indows Plug and Play Remote Compromise

Type securityvulns
Reporter Securityvulns
Modified 2005-08-09T00:00:00


nternet Security Systems Protection Advisory August 9, 2005

Windows Plug and Play Remote Compromise


X-force has discovered a vulnerability in the Windows Plug and Play service. This vulnerability is remotely exploitable in the default configuration of Windows 2000, and is present in all modern Windows operating systems. There is a high probability that this vulnerability will be exploited in an automated fashion as part of a worm on Windows 2000.

ISS Protection Strategy:

ISS has provided preemptive protection for this vulnerability. We recommend that all customers apply applicable ISS product updates if they have not already done so.

Network Sensor 7.0, Proventia A and G100, G200, G1200: XPU 24.4 / 4/13/05 PlugAndPlay_BO

Proventia M and G400, G2000: XPU 1.43 / 4/13/05 PlugAndPlay_BO

Server Sensor 7.0: XPU 24.4 / 4/13/05 PlugAndPlay_BO

Proventia Desktop Version XPU 24.4 / 4/13/05 PlugAndPlay_BO

Desktop Protector 7.0: Version EOD / 4/13/05 PlugAndPlay_BO

Internet Scanner 7.0, SP2: XPU 7.2.10 / 8/9/04 WinMs05kb899588Update

These updates are available from the ISS Download Center at:

Business Impact:

Successful exploitation of this vulnerability could be leveraged to gain complete control over target systems, and might lead to malware installation, exposure of confidential information, or further network compromise. Due to the widespread use of the affected operating systems and the critical nature of component affected, it is likely that servers and desktops used for a wide variety of purposes are vulnerable to this issue.

Affected Products:

Windows 2000 up to and including SP4 with Security Rollup (Anonymous) Windows XP up to and including SP2 (Authenticated Users Only) Windows Server 2003 up to and including SP1 (Authenticated Users Only)


The Plug and Play service is a Windows DCE-RPC service that is designed to handle device installation, configuration, and notification of new devices. It starts automatically on modern versions of the Windows operating system, and runs in default configurations. On Windows 2000, this service is reachable via named pipes and a NULL session. It is not possible to disable this service without adversely affecting system operation.

This Plug and Play service contains a remotely exploitable stack-based overflow. It has been proven to be trivially exploitable, and X-Force is concerned that the overflow could be exploited automatically as part of a network-based worm used to attack Windows 2000-based systems.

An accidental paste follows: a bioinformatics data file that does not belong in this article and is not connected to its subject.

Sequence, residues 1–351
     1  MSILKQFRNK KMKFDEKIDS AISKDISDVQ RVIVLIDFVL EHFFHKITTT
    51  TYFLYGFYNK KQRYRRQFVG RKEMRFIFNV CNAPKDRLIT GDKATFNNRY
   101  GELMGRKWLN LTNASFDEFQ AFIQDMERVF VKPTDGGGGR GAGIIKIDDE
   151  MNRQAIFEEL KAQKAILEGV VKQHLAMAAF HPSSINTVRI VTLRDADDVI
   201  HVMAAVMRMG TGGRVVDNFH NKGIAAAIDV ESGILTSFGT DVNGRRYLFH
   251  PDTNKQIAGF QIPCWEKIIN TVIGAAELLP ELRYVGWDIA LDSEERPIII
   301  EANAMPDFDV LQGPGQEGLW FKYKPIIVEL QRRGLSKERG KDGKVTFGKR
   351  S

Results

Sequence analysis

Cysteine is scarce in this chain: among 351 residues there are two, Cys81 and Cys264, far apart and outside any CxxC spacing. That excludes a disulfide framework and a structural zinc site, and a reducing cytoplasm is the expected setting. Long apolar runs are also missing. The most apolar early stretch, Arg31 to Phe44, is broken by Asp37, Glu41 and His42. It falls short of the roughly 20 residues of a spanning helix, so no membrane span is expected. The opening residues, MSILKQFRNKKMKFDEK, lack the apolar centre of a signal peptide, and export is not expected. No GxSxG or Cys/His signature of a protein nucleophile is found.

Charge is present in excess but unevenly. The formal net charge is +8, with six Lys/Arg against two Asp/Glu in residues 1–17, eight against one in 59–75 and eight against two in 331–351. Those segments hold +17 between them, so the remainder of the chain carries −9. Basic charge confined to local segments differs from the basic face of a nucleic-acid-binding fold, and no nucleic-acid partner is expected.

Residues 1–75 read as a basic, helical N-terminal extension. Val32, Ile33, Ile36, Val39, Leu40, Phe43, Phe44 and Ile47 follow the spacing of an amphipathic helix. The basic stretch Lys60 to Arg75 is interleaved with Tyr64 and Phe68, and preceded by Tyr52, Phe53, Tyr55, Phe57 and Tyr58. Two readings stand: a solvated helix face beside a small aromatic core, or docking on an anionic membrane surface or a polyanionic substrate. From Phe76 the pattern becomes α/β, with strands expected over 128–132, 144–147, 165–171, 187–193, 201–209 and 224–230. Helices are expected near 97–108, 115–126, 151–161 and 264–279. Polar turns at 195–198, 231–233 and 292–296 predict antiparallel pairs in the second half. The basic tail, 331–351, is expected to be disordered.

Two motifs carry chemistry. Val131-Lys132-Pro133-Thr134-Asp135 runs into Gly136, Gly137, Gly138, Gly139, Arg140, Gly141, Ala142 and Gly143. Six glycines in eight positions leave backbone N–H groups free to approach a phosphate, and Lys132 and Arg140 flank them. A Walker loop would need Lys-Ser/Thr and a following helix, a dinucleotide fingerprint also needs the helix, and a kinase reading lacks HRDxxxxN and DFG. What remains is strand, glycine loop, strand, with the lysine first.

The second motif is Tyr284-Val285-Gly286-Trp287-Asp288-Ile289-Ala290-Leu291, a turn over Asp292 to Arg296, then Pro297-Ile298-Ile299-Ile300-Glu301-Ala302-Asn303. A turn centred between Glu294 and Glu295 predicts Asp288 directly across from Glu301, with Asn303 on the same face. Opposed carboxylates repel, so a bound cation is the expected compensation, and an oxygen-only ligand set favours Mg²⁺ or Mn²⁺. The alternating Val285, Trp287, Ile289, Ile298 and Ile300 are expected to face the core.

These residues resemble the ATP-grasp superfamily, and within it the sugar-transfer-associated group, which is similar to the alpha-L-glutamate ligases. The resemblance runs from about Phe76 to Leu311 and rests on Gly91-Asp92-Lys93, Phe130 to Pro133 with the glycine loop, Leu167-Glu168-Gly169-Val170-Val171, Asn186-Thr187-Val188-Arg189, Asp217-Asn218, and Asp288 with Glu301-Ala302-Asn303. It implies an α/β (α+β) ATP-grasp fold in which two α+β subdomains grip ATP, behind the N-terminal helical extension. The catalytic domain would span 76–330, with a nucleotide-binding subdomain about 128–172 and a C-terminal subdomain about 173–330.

The named-pipe needed to reach this service requires authentication on Windows XP and Windows Server 2003. On Windows XP SP2 and Windows Server 2003 those named-pipe are only available remotely to administrators. However, additional named pipe aliases are present on Windows 2000 which expose this service to an attacker with NULL session access. No authentication or user-interaction is required to exploit this vulnerability on Windows 2000.

At the time of publication, no exploits are available to the public at large. However, X-Force expects that exploits for this vulnerability will appear in the very near future.

Additional Information:

Microsoft Security Advisory:

The Common Vulnerabilities and Exposures (CVE) project has assigned the name CAN-2005-1983 to this issue. This is a candidate for inclusion in the CVE list (, which standardizes names for security problems.


This vulnerability was discovered and researched by Neel Mehta of the ISS X-Force.

About Internet Security Systems (ISS) Internet Security Systems, Inc. (ISS) is the trusted security expert to global enterprises and world governments, providing products and services that protect against Internet threats. An established world leader in security since 1994, ISS delivers proven cost efficiencies and reduces regulatory and business risk across the enterprise for more than 11,000 customers worldwide. ISS products and services are based on the proactive security intelligence conducted by ISS' X-Force research and development team тАУ the unequivocal world authority in vulnerability and threat research. Headquartered in Atlanta, Internet Security Systems has additional operations throughout the Americas, Asia, Australia, Europe and the Middle East.

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